How did you get into aviation and aviation fuelling?
As a boy I used to watch a local biplane perform aerobatics over my back garden and was transfixed. I was also an avid model plane builder. Following my Chemistry degree and PhD, I joined BP in 1988 in the automotive fuels division and transitioned to Air BP in 1993. I’m now responsible for Air BP’s Aviation Fuels Research and Development Programme. This involves progressing aviation fuel technology within BP, liaising with manufacturing refineries, distribution transport, storage and into-plane supply. I also sit on the Steering Committee for the Co-ordinating Research Council for Aviation, which is considered to be the top aviation research group in the world. It comprises experts from across the engine, airframe, regulator and fuels industries. I also continue to represent the company at international level at ASTM and Defence Standard aviation fuel specifications.
What attracted you to Air BP?
Air BP is one of the few companies that knows aviation from refinery to wingtip, including combustion and environmental issues. The company is able to balance the commercial reality of operating in a growth industry with technical excellence, environmental aspiration and positive working relationships around the globe. People make a company, and Air BP has great people.
Dr Alisdair Clark, manager of Air BP’s Aviation Fuels Research and Development Programme, is based at our Sunbury headquarters in the UK.
How is jet fuel made?
The majority of jet fuel in the world is made from a particular distillation fraction from crude oil. In addition, there are routes to synthesise jet fuel from coal, natural gas, bio-mass, vegetable oils and alcohols. The synthetic routes will become more important in the long-term to manage CO2 emissions.
How do you control the quality?
Specifications have been developed specifically for aviation fuels since 1917. Their role is to ensure the reliability and safety of flight and they contain tests for the product using industry-defined test methods together with other detailed requirements such as approved additives. Air BP’s aspiration is not only to meet the specification, but also the ‘spirit of the specification’ – to provide a good quality, fit-for-purpose aviation fuel for aircraft use.
What’s the difference between Avgas and Jet fuel?
Avgas is a high-performance gasoline for spark ignition piston aviation engines. For commercial aviation use, the requirements are more severe than for automotive fuels. Avgas burns within the engine on an ‘intermittent’ basis. Jet fuel, on the other hand, is used for aviation turbine engines and burns under steady state conditions. There is also a significant safety difference between the fuels – when Avgas is spilt, the vapour is immediately flammable. Jet fuel has to be heated to at least 38˚C before the vapour will catch fire.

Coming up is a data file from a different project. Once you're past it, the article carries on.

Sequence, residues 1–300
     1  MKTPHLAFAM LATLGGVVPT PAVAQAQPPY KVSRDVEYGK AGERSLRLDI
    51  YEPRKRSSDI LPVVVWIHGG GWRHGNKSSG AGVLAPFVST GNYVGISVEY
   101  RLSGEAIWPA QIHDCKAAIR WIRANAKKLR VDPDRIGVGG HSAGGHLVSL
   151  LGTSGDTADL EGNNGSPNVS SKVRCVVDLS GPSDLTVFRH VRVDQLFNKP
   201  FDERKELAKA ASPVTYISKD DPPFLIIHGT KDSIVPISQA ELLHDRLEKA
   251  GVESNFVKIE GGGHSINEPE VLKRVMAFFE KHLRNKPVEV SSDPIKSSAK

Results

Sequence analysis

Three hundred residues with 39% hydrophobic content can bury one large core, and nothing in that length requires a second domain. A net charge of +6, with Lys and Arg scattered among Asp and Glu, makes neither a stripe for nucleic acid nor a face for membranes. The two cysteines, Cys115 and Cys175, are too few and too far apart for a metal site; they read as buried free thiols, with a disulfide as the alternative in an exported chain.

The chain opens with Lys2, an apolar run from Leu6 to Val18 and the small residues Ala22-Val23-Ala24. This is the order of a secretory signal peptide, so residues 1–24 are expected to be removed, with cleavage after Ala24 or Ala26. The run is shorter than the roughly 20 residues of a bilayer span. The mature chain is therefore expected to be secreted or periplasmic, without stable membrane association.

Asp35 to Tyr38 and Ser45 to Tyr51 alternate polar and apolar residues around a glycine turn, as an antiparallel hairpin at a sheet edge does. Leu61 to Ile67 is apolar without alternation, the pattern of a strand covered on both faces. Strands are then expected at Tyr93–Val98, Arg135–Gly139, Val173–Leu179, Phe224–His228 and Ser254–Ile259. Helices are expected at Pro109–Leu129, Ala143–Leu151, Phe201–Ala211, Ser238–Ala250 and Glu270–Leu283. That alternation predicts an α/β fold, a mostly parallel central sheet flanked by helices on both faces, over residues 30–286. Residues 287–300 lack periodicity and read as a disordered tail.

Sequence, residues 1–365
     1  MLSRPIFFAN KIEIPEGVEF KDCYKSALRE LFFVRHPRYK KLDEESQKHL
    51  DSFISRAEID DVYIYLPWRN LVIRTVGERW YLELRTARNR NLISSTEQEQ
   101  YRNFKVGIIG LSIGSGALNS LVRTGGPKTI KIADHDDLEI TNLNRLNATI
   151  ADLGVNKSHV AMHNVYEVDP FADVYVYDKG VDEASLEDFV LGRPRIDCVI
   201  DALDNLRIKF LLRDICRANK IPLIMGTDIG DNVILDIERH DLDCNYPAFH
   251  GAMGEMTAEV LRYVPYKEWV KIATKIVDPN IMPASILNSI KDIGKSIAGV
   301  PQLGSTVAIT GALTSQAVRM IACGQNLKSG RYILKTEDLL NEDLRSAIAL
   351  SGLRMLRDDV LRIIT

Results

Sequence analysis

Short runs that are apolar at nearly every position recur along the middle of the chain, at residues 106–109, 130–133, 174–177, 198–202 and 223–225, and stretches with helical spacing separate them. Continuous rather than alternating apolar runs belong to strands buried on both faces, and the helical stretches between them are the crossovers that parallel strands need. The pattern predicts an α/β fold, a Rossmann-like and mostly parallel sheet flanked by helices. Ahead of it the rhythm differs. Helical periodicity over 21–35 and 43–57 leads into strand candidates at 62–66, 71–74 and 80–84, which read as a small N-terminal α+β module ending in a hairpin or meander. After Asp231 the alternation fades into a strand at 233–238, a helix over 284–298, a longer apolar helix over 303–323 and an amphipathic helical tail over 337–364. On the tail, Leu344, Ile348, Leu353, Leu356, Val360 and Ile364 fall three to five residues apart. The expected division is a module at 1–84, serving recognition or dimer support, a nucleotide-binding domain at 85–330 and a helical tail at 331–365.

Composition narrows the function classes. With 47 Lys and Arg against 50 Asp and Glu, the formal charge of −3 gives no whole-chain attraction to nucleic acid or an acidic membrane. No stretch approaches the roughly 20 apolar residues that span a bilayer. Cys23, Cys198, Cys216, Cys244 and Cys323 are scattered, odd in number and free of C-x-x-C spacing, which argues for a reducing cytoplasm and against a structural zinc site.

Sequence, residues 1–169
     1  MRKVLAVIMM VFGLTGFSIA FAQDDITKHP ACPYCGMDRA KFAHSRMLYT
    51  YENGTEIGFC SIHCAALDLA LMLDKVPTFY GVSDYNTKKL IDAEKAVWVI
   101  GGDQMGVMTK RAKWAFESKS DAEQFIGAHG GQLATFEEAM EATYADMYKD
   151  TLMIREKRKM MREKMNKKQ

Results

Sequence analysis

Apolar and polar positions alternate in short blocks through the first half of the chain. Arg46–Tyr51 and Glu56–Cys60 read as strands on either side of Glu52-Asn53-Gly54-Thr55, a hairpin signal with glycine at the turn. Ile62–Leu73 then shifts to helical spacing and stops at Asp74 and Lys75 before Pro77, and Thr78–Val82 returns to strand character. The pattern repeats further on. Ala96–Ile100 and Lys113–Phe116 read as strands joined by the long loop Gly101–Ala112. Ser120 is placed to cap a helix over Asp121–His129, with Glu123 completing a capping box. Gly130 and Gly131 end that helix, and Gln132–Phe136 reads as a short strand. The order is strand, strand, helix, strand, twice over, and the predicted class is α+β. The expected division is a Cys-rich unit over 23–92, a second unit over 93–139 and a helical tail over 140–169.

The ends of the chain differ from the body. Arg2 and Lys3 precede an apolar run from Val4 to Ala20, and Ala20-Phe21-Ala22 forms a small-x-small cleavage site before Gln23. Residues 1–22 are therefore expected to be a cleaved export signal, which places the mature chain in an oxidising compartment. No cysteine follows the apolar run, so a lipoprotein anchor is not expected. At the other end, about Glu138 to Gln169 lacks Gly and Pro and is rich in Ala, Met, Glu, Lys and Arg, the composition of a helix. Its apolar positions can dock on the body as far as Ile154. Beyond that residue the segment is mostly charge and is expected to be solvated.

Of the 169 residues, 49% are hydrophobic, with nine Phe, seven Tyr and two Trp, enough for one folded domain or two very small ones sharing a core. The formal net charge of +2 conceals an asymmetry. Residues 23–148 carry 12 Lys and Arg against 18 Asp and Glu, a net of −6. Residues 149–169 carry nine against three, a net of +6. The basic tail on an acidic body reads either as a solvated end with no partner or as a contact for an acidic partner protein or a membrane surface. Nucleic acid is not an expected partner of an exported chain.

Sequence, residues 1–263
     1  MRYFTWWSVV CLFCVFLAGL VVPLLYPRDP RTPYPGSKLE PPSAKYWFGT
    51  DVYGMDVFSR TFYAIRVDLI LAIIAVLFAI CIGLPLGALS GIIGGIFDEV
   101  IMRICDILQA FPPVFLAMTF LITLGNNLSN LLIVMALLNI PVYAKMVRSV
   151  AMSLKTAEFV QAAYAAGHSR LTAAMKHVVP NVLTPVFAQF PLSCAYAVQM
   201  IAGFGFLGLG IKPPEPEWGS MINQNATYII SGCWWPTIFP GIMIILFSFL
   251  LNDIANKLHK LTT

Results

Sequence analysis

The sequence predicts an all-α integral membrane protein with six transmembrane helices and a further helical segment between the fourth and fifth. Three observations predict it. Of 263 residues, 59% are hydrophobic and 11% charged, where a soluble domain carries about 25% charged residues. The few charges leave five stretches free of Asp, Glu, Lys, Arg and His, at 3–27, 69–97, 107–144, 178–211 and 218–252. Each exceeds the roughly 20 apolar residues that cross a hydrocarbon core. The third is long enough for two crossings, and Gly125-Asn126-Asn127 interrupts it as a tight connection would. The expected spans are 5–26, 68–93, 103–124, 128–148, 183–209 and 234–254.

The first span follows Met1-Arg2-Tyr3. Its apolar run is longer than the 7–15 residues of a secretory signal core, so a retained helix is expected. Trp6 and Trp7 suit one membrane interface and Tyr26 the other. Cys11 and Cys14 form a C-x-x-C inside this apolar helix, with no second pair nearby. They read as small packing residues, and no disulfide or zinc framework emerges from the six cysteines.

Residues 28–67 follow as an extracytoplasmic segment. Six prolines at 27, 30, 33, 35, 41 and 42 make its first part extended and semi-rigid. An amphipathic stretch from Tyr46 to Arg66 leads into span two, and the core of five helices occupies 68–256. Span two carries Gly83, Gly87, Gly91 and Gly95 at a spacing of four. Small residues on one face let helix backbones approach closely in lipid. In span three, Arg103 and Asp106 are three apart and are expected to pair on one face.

What does a higher quality fuel do for a customer/plane?
Both Avgas and Jet fuel are high quality fuels and have allowed aviation engines to far exceed ground fuels use. A reliable performance Avgas engine can regularly deliver 300 HP with some designs easily capable of >1000 HP. However, a jet engine, which can operate for up to 11 million miles before overhaul, can provide (at 400 mph) >90,000 HP. This is why Jet fuel rules the commercial sky.
What’s happening in aviation fuel at the moment that is exciting?
International Air Transport Association (IATA) figures showed a jump of 6.3% in global demand for air transport in 2016. This is phenomenal, but now fuel supply has to keep pace – such a demand for product places new and exciting demands on Air BP research and development activities. Aircraft fuel efficiency is improving at over 1.5% each year, which helps manage the environmental foot-print together with the introduction of sustainable fuel options. For example, the recently announced agreement between Air BP and Fulcrum turns municipal waste into Jet fuel.
What does that mean for the industry?
A key document for the industry is the 1944 Chicago Convention on International Civil Aviation. This broadly sets out how the aviation industry operates today on a global scale. The appetite to travel and the need to balance the environmental impact is becoming the most significant challenge of our time. The industry is built on technology, to ensure the reliability and safety of flight, and will look to technology to ensure a sustainable future for the generations to come.
Will the aviation industry ever abandon Jet fuel for another fuel type?
For long-range commercial flights, this looks very unlikely. All approved synthetic/renewable aviation turbine engine fuels are designed to have the same properties as current production fuel. The industry has tried other fuel types, for example natural gas and hydrogen – these do work but carry other hazards compromising flight safety. Having said that, for light aircraft undertaking shorter journeys, electrical aircraft may end up being viable – it’s a possibility already being explored by the likes of Airbus and others.